Although the book is less descriptive about the US-Libyan confrontation between 1980 and 1991 - and one can get more detail and explanation in other books about that bellicose relationship - it is, nevertheless an invaluable study of a country rich in oil and of economic interest to the West. Libya: The Rise and Fall of Qaddafi was released in early August 2012, a month before the terrorist attack on the US Mission in Benghazi. Because she describes the power vacuum in Libya since the demise of the Qaddafi regime, readers are afforded an opportunity to better understand the state of Libya before advocating an enormous Western intervention. Ms. Pargeter's primer should be required reading in the oil industry, as well as diplomatic, intelligence and military circles, in the United States and the UK.
5 of 6 people found the following review helpful
5.0 out of 5 stars Libya - Pargeter 14 Sep 2012
By Brian Dominic D'Monte - Published on Amazon.com
Format:Hardcover|Verified Purchase
excellent - a very well-written and interesting account of a country I lived in and enjoyed for more than two years; well-recommended to any one who has misconceptions about this terrific country
1 of 2 people found the following review helpful
4.0 out of 5 stars An excellent primer on post-independence Libya 18 Feb 2013
By Evin Ager - Published on Amazon.com
Format:Hardcover
Libya: The Rise and Fall of Qaddafi begins by covering a brief history of Libya and some of the events that shaped its society and culture up to independence in the aftermath of WW2. It then goes into the benefits and downfalls of King Idris, the monarch who ruled prior to Qaddafi. The meat of the book is dedicated to covering, as the name suggests, the rule and deposing of Colonel Muammar Qaddafi. The book breaks this into sections that cover the first decade of his rule and the various social, political, and economic changes he tried to institute. It then goes on to discuss his era of foreign policy clashes in the Middle East, Africa, and with the West. From there it talks about the crises that occurred in the late 1980's and 1990's as sanctions, a strong Islamic resurgence, and Qaddafi's inability to rule the country on any more than a whimsical level stressed the foundations of the country. Finally, the book covers Qaddafi and his families attempt to hold on to power with various attempts to bring the appearance of reform to the regime to both attract foreign investment and to stave off dissent at home. The last chapter covers the Arab Spring revolution that ousted him and the various impediments the new leaders have faced to creating a more united and democratic country in spite of Qaddafi's legacy that continues to loom over the populace.

This book is an great introduction for those interested in learning more about Libya post-independence and it's affect on the North African region. It is, by-and-large very well written and easy to read. This book only took me several days to get through, but gave me a good understanding of the general swath of Libyan history since 1945. It is certainly not aimed at an expert audience, but nor does it dumb down things too heavily either. The author does not reach any really ground-shaking conclusions (at least that I noticed), but instead succeeded in bringing an up-to-date, fairly comprehensive, and most importantly, cogent account of Libya's modern history to the marketplace.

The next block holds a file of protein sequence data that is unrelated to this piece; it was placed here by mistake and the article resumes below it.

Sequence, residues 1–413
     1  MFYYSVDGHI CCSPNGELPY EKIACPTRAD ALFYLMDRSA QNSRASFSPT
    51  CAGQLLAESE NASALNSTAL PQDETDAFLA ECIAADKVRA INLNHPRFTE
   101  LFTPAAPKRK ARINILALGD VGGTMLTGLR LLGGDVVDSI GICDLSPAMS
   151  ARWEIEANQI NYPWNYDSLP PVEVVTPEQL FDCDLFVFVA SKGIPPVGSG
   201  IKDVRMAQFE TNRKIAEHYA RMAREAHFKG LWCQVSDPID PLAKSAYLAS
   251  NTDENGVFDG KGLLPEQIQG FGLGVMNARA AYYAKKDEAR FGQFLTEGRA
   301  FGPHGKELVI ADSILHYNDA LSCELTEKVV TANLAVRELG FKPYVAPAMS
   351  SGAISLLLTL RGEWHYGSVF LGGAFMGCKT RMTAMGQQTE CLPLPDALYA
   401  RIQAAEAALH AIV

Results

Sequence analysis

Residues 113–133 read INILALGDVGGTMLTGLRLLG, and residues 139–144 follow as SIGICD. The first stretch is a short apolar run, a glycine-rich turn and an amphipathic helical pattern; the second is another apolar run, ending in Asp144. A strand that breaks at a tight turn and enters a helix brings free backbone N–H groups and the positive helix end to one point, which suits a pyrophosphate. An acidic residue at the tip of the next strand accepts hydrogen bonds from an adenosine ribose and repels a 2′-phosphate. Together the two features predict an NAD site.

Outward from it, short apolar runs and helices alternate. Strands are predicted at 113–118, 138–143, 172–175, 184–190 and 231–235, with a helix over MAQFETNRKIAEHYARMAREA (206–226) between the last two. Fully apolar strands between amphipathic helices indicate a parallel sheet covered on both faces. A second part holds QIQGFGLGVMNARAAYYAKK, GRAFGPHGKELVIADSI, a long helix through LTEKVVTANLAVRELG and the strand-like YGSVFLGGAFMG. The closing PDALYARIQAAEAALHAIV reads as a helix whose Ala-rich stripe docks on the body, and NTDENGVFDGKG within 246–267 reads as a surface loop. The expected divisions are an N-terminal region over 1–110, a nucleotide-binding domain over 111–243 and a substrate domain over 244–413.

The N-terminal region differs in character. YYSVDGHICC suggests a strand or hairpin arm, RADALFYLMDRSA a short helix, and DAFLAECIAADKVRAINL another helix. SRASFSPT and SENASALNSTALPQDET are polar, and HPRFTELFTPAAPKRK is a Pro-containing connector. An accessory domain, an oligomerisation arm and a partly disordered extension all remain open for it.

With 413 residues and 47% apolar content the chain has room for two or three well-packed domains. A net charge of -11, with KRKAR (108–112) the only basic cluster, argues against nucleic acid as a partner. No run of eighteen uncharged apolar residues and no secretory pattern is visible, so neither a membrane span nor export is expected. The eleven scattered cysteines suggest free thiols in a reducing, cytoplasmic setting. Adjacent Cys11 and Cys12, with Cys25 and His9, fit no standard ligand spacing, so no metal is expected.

Recommended for amateur historians looking for something outside their usual area of interest and those looking to learn a bit more about one of the countries overtaken in the Arab Spring.
2 of 4 people found the following review helpful
2.0 out of 5 stars A story to satisfy the mindset of certain audience, but it is not based on facts nor truth always. 19 Nov 2013
By LOTD - Published on Amazon.com
Format:Hardcover
It is clear that the author did some work, but I think it is not hard enough. I have read parts of the book... Where in some I found it interesting... In others, it is very clear that the author did not research well. She took for granted some events or "facts" from the wrong sources. In many places it was merely a reputation for what some media sources or people would say. Sometimes I don't know where the misleading facts came. One like Qaddafi's tribe originated from an Arabized Barbarian tribe is totally wrong. It originated from a Pure Arabic tribe who originally migrated to the region from The Arabian Peninsula. Another fact is that his tribe originated in Garyan region in Libya, where their grand grand father (Qaddaf Adam) is buried... That's also totally wrong, in fact the tribe came from the lands of Werfalla Tribe who originally owned the lands of Sirte and its surroundings. And Qaddaf Addam the grandfather of Qaddadfa is buried in Bani Walid the capital city of Werfalla Tribe... These are notes from the part I read.
All in all, it is nice to read and forms a story that the target audience of the book would accept. But it is not based on facts nor truth in every part.
1 of 7 people found the following review helpful
5.0 out of 5 stars Gruesome realism 30 Dec 2012
By Spitfired - Published on Amazon.com
Format:Kindle Edition
This book makes us realize what monster the world was trying to accommodate up until very recently. It shows that even in our times when media make everything public, one man can still manage to build terrorizing dictatorships, stifle dissent and keep atrocities secret from the rest of the world's eyes. It shows how unbelievably hypocritical world leaders can be in letting these dysfunctional beings free to cause so much harm in the world. A dictator in a foreign culture is still inhuman. What goes around comes around.